How NOT to House Surf Down a Ravine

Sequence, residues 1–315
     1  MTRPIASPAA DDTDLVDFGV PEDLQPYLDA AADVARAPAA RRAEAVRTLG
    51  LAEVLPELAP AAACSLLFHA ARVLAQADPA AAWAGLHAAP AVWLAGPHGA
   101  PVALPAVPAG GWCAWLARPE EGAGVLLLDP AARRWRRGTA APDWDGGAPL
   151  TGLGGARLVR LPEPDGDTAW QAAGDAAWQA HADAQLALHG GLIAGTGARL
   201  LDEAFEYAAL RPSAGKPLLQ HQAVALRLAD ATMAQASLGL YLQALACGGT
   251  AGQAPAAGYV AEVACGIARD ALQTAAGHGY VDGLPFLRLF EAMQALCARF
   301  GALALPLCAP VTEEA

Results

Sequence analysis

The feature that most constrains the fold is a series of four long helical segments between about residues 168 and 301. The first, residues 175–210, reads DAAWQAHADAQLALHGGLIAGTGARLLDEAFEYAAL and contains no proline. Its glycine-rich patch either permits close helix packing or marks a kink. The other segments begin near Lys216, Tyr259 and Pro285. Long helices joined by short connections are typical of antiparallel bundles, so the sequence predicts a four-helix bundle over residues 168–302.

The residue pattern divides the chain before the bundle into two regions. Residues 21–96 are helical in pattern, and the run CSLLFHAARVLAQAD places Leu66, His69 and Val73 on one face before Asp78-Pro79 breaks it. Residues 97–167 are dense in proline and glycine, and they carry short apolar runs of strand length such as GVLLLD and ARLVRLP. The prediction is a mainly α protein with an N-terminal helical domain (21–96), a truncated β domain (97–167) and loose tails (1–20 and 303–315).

I currently live really close to the beach. The surfing beach, actually. Vaden and I are living in Dominican Republic as we wait and hope to bring our 5 year old adopted daughter home to Canada. I keep telling myself I want to get into surfing, because it just seems to somehow up your cool factor: casual conversation, dropping the ol’ line: “yeah, I surf” just seems to be so enviable. In fact, the whole concept of surfing seems to be surrounded in all that we pursue in life: looking for the best wave that will carry us through safely until it pops us out on the other side with only great memories and friends surrounding us and cheering us on. However, life is not always like that. I don’t actually think it ever is, to be honest. And until I met Carlos and his family, I thought that the possibility of surfing was something you needed a board and ocean waves to do. I was wrong: it could happen in a way that could be disastrous.Carlos’ real name is Hilario. He lives on the edge of Puerto Plata, Dominican Republic with his wife, Felicita and their four children (Jorkeli, Joskar, Jocairy, and Ruth). Carlos is a good man. He works long, hard hours, fighting to keep food on the table for his family and to keep his kids in school. He and Felicita only dream of the best possible future for their children. And since the day I met them, I only wanted the same thing for them. It sounds simple until you realize where they actually live.Their community is called San Marcos. It sits on the edge of the city, connected by loose dirt roads that often wash out in the rain, with houses clustered around a river ravine at the base of the mountain. The trees are lush and the mosquitoes are plentiful, and yet it is the best they can do: here they own their own land and take quiet confidence in the fact that they are together. Carlos and Felicita’s house was tiny, with only two rooms. There was no running water or dependable electricity. As I stepped around to peak over the back of their house, I realized the full extent of the danger they lived in every day: their home was almost falling off the edge of the eroding ravine, threatened to surf down into the creek 15 feet below. It was held to the side of the hill with scraps of wood and other odd materials that they were able to collect to help them just a little bit longer. But how long before it was too long?This past summer we were able to build a new house for Carlos and his family. It has a real cement floor, with enough foundation depth to keep his family’s precious new home secure. They are not going to be surfing down that ravine any time soon; they are going to be safe. If feels good to know that tonight, as I sleep with my little family and know that we are safe when it rains or storms, I know that Carlos and Felicita are also safe – thanks to so many amazing Canadians who joined with them this past summer and believed in the power of hope.This Christmas, we are going to be delivering Christmas Hampers to Carlos and Felicita and many other families like them. The gifts will be filled with food, children’s gifts and needed household items. We need your help! Check out www.livedifferent.com/hampers. This is how hope begins!